It’s rare, potentially fatal and new. State health leaders are tracking the spread of Multisystem Inflammatory Syndrome in Children, also known as MIS-C.
“MIS-C syndrome tends to follow COVID infection a few weeks later, so we can still see cases cropping up in the next few months,” said Dr. Jennifer Owensby, interim medical director of the pediatric ICU at Bristol-Myers Squibb Children’s Hospital.
According to state Health Commissioner Judith Persichilli, the disease has affected 34 children in the state, ranging in age from 1 to 18. She says the disease has disproportionately impacted black and brown children with 41% of children being Hispanic.
“The children affected have either tested positive for active COVID-19 infection or had antibody tests that were positive indicating exposure to the virus,” Persichilli said. “Although there is still unknowns about this illness, it is believed to be an abnormal, aggressive immune response to the virus.”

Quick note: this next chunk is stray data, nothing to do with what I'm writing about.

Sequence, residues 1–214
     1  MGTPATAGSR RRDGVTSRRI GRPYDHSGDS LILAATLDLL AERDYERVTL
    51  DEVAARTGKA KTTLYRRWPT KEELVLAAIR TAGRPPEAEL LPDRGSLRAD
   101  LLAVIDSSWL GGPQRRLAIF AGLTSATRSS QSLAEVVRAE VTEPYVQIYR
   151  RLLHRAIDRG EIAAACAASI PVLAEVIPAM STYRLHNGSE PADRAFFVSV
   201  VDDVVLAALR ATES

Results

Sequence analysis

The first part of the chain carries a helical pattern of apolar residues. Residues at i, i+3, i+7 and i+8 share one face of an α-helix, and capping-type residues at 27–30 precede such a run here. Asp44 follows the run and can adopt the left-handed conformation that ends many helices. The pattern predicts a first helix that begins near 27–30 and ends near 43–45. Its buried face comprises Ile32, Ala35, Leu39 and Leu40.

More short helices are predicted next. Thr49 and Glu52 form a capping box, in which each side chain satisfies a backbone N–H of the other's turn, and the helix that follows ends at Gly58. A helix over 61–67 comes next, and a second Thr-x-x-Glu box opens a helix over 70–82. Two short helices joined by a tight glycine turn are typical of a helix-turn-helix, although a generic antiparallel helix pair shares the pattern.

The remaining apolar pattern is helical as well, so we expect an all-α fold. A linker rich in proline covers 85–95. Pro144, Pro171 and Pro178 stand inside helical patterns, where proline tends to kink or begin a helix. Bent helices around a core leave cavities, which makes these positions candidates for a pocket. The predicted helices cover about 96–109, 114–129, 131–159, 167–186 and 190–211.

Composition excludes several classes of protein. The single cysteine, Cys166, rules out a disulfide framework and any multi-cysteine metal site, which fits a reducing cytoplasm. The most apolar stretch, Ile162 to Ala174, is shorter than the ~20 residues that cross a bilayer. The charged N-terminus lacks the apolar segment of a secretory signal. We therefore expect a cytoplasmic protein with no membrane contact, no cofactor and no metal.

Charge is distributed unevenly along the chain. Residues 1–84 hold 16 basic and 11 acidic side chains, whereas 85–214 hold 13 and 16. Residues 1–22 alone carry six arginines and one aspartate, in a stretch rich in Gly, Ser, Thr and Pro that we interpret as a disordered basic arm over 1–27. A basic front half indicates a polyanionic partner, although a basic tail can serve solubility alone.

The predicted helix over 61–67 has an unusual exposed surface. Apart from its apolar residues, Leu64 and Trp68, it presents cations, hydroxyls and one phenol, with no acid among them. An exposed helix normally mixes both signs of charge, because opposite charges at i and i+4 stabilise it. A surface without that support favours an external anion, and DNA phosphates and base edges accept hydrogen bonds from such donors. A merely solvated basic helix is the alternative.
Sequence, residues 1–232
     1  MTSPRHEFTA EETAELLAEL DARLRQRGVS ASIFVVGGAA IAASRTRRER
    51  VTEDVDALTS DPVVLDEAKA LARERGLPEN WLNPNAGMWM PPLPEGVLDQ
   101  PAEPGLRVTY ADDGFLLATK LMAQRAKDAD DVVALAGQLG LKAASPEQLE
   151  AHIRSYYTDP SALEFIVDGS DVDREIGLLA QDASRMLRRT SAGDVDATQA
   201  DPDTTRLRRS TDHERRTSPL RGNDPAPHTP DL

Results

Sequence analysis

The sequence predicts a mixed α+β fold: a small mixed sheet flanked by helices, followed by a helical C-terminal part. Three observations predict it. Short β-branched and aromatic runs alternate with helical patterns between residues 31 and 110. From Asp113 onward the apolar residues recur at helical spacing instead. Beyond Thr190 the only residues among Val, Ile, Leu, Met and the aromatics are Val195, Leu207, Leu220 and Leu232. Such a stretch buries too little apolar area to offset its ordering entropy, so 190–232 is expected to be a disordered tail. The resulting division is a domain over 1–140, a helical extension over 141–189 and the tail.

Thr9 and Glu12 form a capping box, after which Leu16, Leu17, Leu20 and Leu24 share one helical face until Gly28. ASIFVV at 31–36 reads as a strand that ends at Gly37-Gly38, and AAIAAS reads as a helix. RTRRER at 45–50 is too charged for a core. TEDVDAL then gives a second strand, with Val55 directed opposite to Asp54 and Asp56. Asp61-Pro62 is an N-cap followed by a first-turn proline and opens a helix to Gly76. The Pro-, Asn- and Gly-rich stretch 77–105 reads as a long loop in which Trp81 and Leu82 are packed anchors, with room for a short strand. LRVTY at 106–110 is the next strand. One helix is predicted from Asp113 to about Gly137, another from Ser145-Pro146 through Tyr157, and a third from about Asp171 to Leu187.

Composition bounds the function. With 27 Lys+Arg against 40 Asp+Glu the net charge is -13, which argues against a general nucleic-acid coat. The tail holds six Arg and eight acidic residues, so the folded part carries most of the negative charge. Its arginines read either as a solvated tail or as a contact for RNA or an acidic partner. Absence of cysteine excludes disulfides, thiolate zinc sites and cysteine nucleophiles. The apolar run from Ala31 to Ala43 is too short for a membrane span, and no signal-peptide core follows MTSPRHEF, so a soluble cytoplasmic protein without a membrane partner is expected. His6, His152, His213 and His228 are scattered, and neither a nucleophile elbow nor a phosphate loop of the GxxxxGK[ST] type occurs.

“This is not a preventable syndrome, unfortunately. So it’s really not clear who is going to get it or why they are going to get,” said Owensby.
Owensby says all nine children she’s treated with MIS-C have experienced severe symptoms including cardiac arrest and organ failure.
“It’s a post infectious inflammatory syndrome where patients are actually presenting quite sick. They are presenting with heart failure, shock, severe abdominal pain, vomiting and various other illnesses. We do know this is a different disease from Kawasaki. Kawasaki you tend to see in children less than 5 exclusively, and we are seeing older kids, more middle school age,” she said.
Owensby says parents should immediately take their children to the doctor or ER if they notice symptoms like high fever, fatigue, shortness of breath, not wanting to play or walk around, and gasping for air.
“The treatment for the syndrome itself is based on anti-inflammatory therapy, things like steroids,” she said.
MIS-C may be a new threat, but Owensby stresses, like many diseases, early detection is key.